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Stay connected with Meadows. Rhonda Blair has directed and performed in over 70 productions and has created original solo and devised performance work. Her areas of interest include theatre and politics, feminism and theatre, alternative performance, and Anton Chekhov. She directs in the Division of Theatre season. Theatre theory and criticism, directing, Russian theatre , University of Kansas, M.
Theatre, University of Nevada at Las Vegas, Blair teaches B. Theatre History II, in which we study major figures, movements, and developments from the Restoration to the present. Nicola Shaughnessy. In a recent study, Guardia et al. On the other hand, Kaly et al. Moreover, these results have some similarities with another recent work by Guardia et al.
But why? Available research is not yet able to answer this question. Here, we suggest two possible causes of this lock: endogenous and exogenous.
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Interestingly, such areas are affected in the early stages of AN Gaudio et al. This possibility is also in line with the dysregulation in the anterior ventral striatal pathway suggested by Kaye et al. A possible exogenous cause is an excessive level of stress. Different researchers recently suggested the influence of interpersonal problems Hartmann et al.
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The endogenous cholinergic tone in the dorsal hippocampus decreases with increases in anxiety and is associated with an increase in the serotonergic tone File et al. Further, a growing body of evidence has demonstrated that stress, and in particular chronic stress, can cause hippocampal damage Vyas et al. Specifically, chronic stress produces consistent and reversible changes within the dendritic arbors of CA3 hippocampal neurons Conrad, ; McLaughlin et al. This process disrupts hypothalamic-pituitary-adrenal HPA axis activity, leading to dysregulated glucocorticoid release that, combined with hippocampal CA3 dendritic retraction, contributes to impaired spatial memory Conrad, The impossibility of meeting societal standards transforms body dissatisfaction into body shame: the painful social emotion that can result from measuring oneself against a cultural standard and perceiving oneself as being judged and seen as inferior, defective or unattractive in the eyes of others Pinto-Gouveia and Matos, ; Dakanalis et al.
Theoretical accounts of shame hold that this emotion occurs from global attributions of failure Nell and Fredrickson, : failure is attributed to the self e. In fact, feelings of shame are more likely to motivate desire to hide or escape the shame-inducing situation, to sink into the floor and disappear Cavalera and Pepe, The link between body shame and weight-disorder symptomatology has been verified by several authors.
Cognitive Neuroscience Research Group
For example, Burney and Irwin found in a sample of 97 Australian women that shame associated with eating behavior was the strongest predictor of the severity of eating-disorder symptomatology Burney and Irwin, Neumark-Sztainer et al. They report that, 5 years later, the use of unhealthful weight-control behaviors increased by six times the risk for binge eating with loss of control, three times the risk for being overweight, and two to five times the risk for extreme weight-control behaviors. A similar result was found by Stice et al.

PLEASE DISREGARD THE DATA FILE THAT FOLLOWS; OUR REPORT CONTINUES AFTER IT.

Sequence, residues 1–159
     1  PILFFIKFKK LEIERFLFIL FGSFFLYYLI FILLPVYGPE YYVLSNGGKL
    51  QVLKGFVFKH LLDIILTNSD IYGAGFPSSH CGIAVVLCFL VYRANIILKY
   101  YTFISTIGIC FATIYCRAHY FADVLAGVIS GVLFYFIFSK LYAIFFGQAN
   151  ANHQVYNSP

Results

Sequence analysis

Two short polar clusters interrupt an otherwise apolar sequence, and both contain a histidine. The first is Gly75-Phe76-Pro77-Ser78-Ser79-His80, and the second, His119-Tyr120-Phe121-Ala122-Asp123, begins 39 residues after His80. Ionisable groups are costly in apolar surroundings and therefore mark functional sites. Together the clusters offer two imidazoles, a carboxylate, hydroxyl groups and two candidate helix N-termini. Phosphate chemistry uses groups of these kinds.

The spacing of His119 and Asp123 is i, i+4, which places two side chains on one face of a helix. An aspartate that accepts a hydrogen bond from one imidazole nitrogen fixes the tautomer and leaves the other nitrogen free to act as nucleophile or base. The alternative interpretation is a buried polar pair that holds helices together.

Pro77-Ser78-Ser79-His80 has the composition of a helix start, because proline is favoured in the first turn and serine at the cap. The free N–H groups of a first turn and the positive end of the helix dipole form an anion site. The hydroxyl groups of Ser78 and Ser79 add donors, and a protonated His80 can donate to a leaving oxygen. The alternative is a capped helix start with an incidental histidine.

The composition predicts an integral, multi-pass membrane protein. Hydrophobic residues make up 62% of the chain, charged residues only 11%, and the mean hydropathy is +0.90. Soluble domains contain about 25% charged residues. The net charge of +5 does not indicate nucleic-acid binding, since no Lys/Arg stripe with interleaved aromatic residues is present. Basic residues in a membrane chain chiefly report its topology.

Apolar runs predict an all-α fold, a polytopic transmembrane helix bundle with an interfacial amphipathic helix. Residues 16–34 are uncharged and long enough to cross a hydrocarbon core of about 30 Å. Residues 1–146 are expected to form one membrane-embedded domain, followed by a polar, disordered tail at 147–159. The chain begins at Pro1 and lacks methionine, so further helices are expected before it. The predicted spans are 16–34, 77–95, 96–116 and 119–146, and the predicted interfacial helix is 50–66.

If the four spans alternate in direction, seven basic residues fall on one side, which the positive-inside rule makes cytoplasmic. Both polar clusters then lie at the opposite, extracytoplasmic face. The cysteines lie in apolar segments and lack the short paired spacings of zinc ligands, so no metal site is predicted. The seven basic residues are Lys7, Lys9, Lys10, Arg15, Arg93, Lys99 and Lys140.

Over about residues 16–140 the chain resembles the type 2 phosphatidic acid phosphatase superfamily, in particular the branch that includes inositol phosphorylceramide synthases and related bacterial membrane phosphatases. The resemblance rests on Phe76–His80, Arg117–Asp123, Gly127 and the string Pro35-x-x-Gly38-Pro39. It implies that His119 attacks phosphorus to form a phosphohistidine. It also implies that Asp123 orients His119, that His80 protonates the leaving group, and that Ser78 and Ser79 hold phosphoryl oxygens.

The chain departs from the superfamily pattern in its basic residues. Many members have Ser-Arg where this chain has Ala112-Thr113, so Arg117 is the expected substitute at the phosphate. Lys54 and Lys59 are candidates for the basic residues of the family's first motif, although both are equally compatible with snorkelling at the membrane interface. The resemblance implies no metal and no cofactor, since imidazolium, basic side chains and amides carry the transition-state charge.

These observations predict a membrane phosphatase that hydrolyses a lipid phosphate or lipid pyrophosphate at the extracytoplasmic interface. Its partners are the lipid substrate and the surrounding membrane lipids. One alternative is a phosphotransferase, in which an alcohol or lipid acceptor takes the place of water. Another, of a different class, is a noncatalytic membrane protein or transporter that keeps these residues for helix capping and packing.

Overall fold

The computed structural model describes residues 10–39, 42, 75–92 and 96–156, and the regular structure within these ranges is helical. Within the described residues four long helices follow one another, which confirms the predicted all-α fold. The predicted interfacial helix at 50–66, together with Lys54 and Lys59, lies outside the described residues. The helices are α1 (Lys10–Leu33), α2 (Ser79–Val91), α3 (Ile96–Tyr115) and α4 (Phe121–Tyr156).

A variety of studies show that shame experiences are also recorded in autobiographical memory, influencing body image and self-relevant beliefs, inattentional and emotional processing Pinto-Gouveia and Matos, How and Why? Events of the personal history may be remembered using two different viewpoints Robinson and Swanson, ; Rice and Rubin, The observer perspective is associated with a memory image focusing on the remembered self, whereas the field perspective focuses on the surrounding context Frank and Gilovich, Different studies suggest that, if healthy subjects tend to retrieve autobiographical memories in field perspective, many clinical samples preferentially remember personal events using an observer perspective.
For example, Wells and Papageorgiou found that, in recalling anxiety-provoking social situations, individuals with social phobia and agoraphobia are more likely to take an observer perspective whereas control subjects are more likely to take a field perspective. A similar result was obtained by Bergouignan et al.
Commenting these data Eich et al. In agreement with this, Bernstein et al. A functional magnetic resonance imaging study demonstrated a different activation of the neural networks engaged with field versus observer memories for real-world events Eich et al.
In other words, observer autobiographical memories have some similarities with the out-of-body experience Blanke et al. Commenting these results Eich et al. For one, the data suggest that adopting an observer perspective is tantamount to a literal disembodiment at the neural level.
This includes an understanding of the memory as a reference point for everyday inferences and for generating expectations, as a turning point in the life story and as a central component of identity Berntsen and Rubin, , As demonstrated by numerous studies, in patients with EDs, the relevance given to the representation of the body included in the shame-inducing negative emotional event produces a priming effect on any body-related experience Goldfein et al.
On one side, the tendency of our perception to be affected by our recurring thoughts produces an attentional bias on body related stimuli. More, the need for distancing him- or herself from a painful reliving motivate the use of a perspective outside our body.
Languages, Bodies and Ecologies
For example, in a recent study Guardia et al. Evaluated spatial orientation constancy and the perception of body orientation in AN patients. They suggest that the poor perception of orientation can be related to lack of awareness of interoceptive signals Guardia et al. This result is in agreement with the study by Pollatos et al.